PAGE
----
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ANALYSIS: Sugar Politics Spills Into Sangam

Sugar politics has spilled into the Then India Sanmarga Ikya (TISI) Sangam splitting up its hierarchy and membership. The disruption of the TISI Sangam annual general meeting in Nadi last
06 Jun 2016 09:10
ANALYSIS: Sugar Politics Spills Into Sangam

Sugar politics has spilled into the Then India Sanmarga Ikya (TISI) Sangam splitting up its hierarchy and membership.

The disruption of the TISI Sangam annual general meeting in Nadi last weekend signals the escalating battle to control the organisation.

Control will enable leaders to influence the ordinary Sangam members, many of whom are descendants of the Indentured Labourer system. The Girmitiyas have been an integral part of the development of the sugar industry and they are passionate about it.

It is understood that some Sangam officials are diehard supporters of the National Federation Party which dominated the Sangam for many through its sponsored Cane Growers Association, a representative of the growers in the cane belt.

They stayed with the party through some of its most difficult periods.

It was in the cane belt where the NFP was born as a political party and where it continues to seek support from.

For many years the NFP ruled the canefields and its vehicle for influence was and still is the Fiji Cane Growers Association. Then entered the National Farmers Union headed by Mahendra Chaudhry in the 1980s. The NFU started in Labasa and spread to Viti Levu where it captured huge chunks of support in the cane fields. The NFU became a significant support base when the Fiji Labour Party was formed prior to the 1987 general elections.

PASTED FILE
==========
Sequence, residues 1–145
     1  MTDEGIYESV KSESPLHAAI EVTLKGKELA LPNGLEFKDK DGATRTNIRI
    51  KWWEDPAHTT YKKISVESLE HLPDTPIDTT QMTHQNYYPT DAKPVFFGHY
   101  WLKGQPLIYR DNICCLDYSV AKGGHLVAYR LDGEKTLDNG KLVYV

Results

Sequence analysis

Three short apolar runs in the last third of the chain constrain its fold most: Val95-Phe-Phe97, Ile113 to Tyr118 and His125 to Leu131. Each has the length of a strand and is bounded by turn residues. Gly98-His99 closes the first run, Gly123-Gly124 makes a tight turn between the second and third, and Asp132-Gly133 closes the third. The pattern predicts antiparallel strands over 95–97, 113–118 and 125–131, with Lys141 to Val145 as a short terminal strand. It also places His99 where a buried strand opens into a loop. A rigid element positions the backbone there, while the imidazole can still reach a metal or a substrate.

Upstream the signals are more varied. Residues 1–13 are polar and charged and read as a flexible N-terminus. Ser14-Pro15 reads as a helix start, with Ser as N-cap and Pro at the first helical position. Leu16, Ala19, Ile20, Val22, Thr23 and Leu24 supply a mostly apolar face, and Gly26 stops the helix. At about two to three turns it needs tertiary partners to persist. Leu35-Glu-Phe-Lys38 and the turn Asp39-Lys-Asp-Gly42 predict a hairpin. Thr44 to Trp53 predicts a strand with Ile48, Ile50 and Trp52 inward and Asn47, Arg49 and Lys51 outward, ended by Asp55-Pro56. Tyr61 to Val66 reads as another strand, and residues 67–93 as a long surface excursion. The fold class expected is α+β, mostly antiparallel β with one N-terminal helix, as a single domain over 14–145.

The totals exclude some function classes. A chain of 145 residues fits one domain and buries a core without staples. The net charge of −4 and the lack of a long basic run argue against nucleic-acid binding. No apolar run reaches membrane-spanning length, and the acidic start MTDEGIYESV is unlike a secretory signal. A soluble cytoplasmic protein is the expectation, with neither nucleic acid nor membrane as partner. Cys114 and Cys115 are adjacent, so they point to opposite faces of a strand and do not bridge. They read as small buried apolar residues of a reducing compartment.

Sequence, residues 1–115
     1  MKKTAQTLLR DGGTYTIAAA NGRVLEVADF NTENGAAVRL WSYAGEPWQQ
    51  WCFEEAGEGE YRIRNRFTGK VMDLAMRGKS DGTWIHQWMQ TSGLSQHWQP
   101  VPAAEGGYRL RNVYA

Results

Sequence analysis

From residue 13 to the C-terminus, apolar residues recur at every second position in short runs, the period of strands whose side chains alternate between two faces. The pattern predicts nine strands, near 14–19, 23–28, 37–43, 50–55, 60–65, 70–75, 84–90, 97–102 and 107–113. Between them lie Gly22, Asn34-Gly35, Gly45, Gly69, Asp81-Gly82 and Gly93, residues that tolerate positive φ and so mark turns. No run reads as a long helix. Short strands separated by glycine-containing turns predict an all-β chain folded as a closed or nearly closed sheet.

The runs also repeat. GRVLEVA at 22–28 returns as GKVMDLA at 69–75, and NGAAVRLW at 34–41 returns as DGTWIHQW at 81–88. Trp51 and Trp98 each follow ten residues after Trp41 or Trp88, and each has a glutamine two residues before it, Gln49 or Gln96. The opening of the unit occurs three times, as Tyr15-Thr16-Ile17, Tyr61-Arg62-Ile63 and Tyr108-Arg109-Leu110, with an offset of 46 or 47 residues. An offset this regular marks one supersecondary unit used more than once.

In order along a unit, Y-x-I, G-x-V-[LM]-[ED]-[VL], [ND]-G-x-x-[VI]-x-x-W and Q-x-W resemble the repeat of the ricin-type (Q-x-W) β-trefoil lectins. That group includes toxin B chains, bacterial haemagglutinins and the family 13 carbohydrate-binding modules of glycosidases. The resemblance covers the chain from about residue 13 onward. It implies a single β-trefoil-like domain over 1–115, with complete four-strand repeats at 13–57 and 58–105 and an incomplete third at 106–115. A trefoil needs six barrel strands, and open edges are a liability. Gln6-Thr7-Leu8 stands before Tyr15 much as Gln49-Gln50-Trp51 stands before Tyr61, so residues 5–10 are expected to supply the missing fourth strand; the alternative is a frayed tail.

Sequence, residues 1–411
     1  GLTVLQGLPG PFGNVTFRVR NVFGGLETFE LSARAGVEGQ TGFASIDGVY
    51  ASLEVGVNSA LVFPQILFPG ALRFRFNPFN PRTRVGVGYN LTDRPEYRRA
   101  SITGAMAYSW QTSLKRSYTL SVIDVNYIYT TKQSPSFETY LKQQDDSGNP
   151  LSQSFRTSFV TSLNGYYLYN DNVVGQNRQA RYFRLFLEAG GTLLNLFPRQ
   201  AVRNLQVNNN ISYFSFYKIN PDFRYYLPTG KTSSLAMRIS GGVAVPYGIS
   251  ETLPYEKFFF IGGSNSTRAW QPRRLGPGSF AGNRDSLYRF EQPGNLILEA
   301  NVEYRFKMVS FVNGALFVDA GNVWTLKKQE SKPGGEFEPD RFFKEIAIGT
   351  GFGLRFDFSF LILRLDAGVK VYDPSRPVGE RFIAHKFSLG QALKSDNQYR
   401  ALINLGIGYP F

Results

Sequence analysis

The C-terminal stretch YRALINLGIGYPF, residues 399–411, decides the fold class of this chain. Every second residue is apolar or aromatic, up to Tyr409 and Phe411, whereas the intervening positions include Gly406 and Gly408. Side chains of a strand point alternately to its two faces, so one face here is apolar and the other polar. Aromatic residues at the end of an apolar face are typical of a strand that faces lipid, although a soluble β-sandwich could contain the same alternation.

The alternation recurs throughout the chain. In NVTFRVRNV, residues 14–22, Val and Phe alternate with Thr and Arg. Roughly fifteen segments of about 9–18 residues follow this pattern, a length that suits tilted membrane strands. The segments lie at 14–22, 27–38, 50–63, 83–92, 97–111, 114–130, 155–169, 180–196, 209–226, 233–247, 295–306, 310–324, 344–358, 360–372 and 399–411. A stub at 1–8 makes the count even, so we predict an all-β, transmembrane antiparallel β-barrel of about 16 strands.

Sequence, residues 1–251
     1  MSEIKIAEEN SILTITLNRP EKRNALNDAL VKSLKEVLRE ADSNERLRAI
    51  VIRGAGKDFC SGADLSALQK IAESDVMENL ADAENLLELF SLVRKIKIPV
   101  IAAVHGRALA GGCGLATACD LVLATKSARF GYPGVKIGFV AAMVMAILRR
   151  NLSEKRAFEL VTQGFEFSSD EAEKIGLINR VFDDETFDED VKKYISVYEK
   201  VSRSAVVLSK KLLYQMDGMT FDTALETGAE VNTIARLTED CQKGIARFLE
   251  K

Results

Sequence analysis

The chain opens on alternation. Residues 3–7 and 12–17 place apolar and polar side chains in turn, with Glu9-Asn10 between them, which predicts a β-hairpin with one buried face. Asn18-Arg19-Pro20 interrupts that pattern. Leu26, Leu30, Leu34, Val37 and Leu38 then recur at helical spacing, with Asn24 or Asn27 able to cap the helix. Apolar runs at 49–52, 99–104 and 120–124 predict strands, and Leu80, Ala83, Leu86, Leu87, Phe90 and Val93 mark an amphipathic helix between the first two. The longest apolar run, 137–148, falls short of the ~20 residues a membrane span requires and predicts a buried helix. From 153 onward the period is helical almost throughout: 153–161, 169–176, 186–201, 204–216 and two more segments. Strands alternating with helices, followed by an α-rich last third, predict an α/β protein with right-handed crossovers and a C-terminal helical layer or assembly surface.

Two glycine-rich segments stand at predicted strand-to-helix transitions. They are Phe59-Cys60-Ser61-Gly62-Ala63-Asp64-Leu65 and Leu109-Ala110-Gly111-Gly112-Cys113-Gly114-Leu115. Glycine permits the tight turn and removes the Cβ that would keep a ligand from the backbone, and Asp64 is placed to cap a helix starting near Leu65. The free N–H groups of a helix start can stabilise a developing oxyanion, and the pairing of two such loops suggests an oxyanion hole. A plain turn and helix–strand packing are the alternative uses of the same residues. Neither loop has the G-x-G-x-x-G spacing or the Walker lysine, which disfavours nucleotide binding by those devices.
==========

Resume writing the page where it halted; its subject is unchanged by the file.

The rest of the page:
While the NFP and FLP formed a coalition and defeated the then ruling Alliance Government in 1987, the rivalry between the cane farmers unions resumed after the coups.

The NFU increasingly became dominant and this was reflected in the FLP winning the 1999 general election with Mr Chaudhry becoming the first Indo-Fijian prime minister. But Mr Chaudhry’s support in the cane belt took a dive when he joined the Bainimarama administration after the 2006 takeover as Minister for Finance. His subsequent conviction for violation of foreign exchange laws also saw him lose more support. As a result the FLP did not win a seat in the 2014 general election. Instead the NFP won three seats.

Mr Chaudhry has been working behind the scenes to rebuild the NFU and has even called for unity among the cane farmers against the Government’s proposed sugar industry reforms.

But the Fiji Cane Growers Association had accused him of being part of government that dismantled the Fiji Cane Growers Council (FCGC). The FCGC administered the affairs of the cane farmers. Members of the council were elected from the FCGA and the NFU. The council was the voice of the farmers to the Government.

The battle between the NFU and the FCGA is driven by the NFP and FLP.

In the Sangam, it’s now a three-way battle with FijiFirst entering the scene through Minister for Local Government, Housing and Environment Parveen Kumar contesting the post of president.

If there was any doubt that sugar politics has split the TISI Sangam this statement by its president Sadasivan Naicker clears it

He says at the TISI Sangam Convention opening in Nadi that the second issue which directly affects the future of Sangam members and the organisation itself, is mainly the Reform of Sugar Cane industry Bill number 19 and Sugar Cane Growers Fund (Amendment) Bill number 20. The first is a national holiday for the Girmitiyas.

“The reform Bill will take cane farmers back to the days of the Girmit. It is worse than the days of CSR. We must not forget that we originated from cane belts,” he said.

He said TISI Sangam itself was a cane contract holder.

“We cannot and must not be forces to become bondage with FSC and Government acting as our masters,” he said.

“It is my fervent hopes that prominent members of Sangam who are Cabinet ministers in the current Government will raise our concerns with Government as well participate in discussions on this matter during the AGM.

“We have to take a position on these Bills because it affects our future.”

His statement is identical to the submission of the FCGA.

 

Feedback:  nemani.delaibatiki@fijisun.com.fj

 

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